Conclusion: The consumer electronics market is brutal and the trend is toward apps and ease of use. The Archos 5 Internet Tablet has the apps part down, but ease of use isn't quite there compared to the brain dead easy iPod Touch and iPhone. It's not that Android is hard to use; in fact it's easy and more customizable than Apple's products.
Pros: Very good video playback performance.
Cons: Bulky, missing Google Maps and Google YouTube player.
Conclusion: At $200, much can be forgiven of the Archos 7 Home Tablet, since it offers such a large touch screen, HD video, Web access, free apps, and a lot more. But make no mistake, with an unpolished interface and a less-than-responsive touch screen, there's a lot to forgive.
Pros: Affordable. Sleek, compact design. Android-based OS provides means scores of free apps. Built-in kickstand. User-adjustable EQ.
Cons: Poor screen sensitivity. On-screen typing is difficult. Music and video players could be improved.
Excerpt: Archos 7 Home Tablet is a 7-inch, Wi-Fi-only Android 2.1 running tablet. It comes with a 600MHz processor, stereo speakers, Bluetooth and 8GB of internal memory, which is further expandable with microSD cards.
Pros: Verizon 4G LTE network is incredibly fast, 32GB microSD card included, Integrated kickstand works in portrait and landscape
Cons: Battery life is among the worst we�ve ever seen, No 4G LTE power toggle option, Kickstand in landscape orientation blocks microUSB port
Excerpt: Archos has carved a name for itself in the mainstream MID market. With the success of their Archos 5 Internet Tablet , Archos is in the driver’s seat when it comes to ultra-portable mobile internet devices. So what happens when the Archos decides to grow a little? Well, if the Archos 9 PC Tablet is any indication, it’s usually bad news. According to this hands-on preview by Crave , the Archos 7 Home Tablet is keeping that trend alive.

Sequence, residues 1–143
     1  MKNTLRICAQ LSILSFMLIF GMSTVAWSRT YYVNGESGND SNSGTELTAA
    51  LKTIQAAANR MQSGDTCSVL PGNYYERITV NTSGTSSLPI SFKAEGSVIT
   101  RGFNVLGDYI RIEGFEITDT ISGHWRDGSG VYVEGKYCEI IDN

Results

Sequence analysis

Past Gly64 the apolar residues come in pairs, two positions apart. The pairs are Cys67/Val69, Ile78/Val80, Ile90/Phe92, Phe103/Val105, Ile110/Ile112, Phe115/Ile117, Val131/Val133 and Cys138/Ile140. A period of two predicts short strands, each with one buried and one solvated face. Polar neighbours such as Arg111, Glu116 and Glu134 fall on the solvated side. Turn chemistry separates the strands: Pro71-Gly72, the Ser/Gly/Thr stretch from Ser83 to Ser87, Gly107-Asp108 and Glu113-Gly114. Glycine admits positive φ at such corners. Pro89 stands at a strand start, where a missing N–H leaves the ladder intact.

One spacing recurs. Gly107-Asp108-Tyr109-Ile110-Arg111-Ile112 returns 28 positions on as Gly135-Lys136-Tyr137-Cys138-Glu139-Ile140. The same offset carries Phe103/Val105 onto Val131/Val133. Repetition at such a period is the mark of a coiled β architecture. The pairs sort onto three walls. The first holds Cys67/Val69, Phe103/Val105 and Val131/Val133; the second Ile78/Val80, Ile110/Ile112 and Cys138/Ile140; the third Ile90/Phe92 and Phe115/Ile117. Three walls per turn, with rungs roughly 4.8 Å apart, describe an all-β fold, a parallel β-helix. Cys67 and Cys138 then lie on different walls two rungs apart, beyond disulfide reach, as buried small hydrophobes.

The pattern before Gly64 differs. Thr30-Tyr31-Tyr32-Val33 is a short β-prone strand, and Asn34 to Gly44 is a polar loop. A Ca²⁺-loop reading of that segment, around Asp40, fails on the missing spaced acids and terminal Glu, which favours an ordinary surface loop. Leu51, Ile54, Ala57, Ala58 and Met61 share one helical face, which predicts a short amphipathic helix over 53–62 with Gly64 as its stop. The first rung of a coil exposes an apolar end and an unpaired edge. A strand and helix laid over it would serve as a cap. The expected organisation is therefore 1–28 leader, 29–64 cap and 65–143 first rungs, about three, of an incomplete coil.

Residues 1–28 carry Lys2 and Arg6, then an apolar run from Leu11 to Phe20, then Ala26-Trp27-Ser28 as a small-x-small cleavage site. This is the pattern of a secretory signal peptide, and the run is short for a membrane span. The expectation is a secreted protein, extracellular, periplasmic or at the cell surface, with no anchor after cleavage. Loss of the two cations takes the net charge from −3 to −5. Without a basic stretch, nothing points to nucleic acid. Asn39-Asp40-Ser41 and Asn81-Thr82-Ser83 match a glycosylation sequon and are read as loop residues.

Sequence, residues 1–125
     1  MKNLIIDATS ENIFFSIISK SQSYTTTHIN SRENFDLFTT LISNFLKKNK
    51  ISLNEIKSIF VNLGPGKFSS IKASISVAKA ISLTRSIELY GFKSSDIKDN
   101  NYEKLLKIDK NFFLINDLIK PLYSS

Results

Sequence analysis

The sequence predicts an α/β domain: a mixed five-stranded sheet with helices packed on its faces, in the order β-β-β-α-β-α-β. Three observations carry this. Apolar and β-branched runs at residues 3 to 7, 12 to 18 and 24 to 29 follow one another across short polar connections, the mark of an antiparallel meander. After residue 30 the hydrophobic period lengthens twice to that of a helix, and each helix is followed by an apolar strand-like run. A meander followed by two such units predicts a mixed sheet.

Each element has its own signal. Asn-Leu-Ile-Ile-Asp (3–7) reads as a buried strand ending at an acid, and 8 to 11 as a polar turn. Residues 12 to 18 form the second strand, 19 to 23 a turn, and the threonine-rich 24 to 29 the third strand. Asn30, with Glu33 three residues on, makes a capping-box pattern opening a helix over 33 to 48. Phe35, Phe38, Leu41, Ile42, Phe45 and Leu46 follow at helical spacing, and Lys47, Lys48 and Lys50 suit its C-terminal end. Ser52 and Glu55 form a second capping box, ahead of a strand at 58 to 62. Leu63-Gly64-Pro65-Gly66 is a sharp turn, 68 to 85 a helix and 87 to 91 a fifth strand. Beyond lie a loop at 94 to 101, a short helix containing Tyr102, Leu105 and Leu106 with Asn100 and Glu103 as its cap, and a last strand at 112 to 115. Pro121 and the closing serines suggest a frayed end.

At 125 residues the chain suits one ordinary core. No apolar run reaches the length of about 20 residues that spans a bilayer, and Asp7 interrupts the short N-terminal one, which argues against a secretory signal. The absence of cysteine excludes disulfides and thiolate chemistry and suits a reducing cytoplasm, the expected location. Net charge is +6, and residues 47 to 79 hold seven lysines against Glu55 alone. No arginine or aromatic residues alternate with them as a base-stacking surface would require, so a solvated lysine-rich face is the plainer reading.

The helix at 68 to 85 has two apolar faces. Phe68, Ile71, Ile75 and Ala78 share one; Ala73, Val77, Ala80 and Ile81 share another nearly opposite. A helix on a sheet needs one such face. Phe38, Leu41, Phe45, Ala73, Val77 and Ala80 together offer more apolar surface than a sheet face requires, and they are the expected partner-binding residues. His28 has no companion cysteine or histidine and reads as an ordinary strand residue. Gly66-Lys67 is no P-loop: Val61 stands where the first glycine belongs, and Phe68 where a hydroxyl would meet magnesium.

Excerpt: Joanna Stern from Engadget has come out with her long awaited Archos 7 Home Tablet review. You may recall last week that there was some confusion after Crave reported that the Archos 7 was 100% Android . If true, that meant that many of the video formats commonly associated with Archos tablets couldn’t be played.
Summary: The $199 Archos 7 Home Tablet is not a case of "you get what you pay for." That's because we'd expect even a cheap Android-powered slate to recognize our touch input most of the time and to offer a larger selection of apps. Yes, this device has a bigger screen than the smaller and pricier Archos 5, and it's a decent media player (if you bring your own content). But the finicky display, sluggish performance, and dearth of apps add up to lackluster experience.
Conclusion: What we have in the Archos 7 is a device that feels like it has been engineered to a price. And that's the scary thing about the Archos 7: the price is biggest plus point. The fact that it runs Android isn't such a benefit as you don't get to experience what the rest of the Android world takes for granted: those freedoms are denied, unless you are happy to hunt out new apps, something the average customer won't want to do.
Pros: Price, large screen, microSD card expansion slot for memory
Cons: Poor finish to screen, poor materials used in construction, lack of access to all the benefits of Android, AppsLib seems buggy, no volume controls, can't charge via Micro-USB